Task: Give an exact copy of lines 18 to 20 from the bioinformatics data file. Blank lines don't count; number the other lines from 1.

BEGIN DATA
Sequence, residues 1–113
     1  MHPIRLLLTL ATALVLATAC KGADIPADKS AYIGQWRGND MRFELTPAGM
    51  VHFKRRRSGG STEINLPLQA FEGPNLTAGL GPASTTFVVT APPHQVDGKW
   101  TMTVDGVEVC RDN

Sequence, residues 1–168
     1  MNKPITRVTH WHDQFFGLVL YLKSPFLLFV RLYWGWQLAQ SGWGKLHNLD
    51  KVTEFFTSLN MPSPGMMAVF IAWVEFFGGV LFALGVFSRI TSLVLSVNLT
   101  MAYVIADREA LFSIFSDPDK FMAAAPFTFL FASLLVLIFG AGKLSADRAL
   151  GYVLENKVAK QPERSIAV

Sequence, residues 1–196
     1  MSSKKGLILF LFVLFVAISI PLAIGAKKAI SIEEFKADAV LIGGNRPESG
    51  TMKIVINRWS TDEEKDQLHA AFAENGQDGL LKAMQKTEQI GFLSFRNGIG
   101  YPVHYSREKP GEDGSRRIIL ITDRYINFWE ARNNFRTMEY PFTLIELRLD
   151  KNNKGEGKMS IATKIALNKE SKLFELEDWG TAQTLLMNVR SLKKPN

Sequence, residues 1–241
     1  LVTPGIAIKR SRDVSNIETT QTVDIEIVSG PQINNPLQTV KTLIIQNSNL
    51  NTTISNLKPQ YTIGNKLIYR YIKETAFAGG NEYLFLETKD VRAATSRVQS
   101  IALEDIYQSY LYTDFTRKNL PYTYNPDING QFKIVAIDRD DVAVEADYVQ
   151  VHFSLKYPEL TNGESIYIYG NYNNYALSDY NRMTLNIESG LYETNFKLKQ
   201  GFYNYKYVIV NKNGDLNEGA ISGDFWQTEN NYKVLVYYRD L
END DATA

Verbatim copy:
   101  IALEDIYQSY LYTDFTRKNL PYTYNPDING QFKIVAIDRD DVAVEADYVQ
   151  VHFSLKYPEL TNGESIYIYG NYNNYALSDY NRMTLNIESG LYETNFKLKQ
   201  GFYNYKYVIV NKNGDLNEGA ISGDFWQTEN NYKVLVYYRD L